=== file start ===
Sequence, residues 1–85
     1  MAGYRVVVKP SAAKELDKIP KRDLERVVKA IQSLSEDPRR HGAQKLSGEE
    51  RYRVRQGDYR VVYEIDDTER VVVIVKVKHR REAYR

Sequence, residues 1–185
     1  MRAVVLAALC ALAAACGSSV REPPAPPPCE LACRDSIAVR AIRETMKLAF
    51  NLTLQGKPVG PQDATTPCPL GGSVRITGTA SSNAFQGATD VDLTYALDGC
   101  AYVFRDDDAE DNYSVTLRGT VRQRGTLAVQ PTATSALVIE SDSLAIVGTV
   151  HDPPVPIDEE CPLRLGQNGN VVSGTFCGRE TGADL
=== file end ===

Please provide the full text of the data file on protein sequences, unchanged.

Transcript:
Sequence, residues 1–85
     1  MAGYRVVVKP SAAKELDKIP KRDLERVVKA IQSLSEDPRR HGAQKLSGEE
    51  RYRVRQGDYR VVYEIDDTER VVVIVKVKHR REAYR

Sequence, residues 1–185
     1  MRAVVLAALC ALAAACGSSV REPPAPPPCE LACRDSIAVR AIRETMKLAF
    51  NLTLQGKPVG PQDATTPCPL GGSVRITGTA SSNAFQGATD VDLTYALDGC
   101  AYVFRDDDAE DNYSVTLRGT VRQRGTLAVQ PTATSALVIE SDSLAIVGTV
   151  HDPPVPIDEE CPLRLGQNGN VVSGTFCGRE TGADL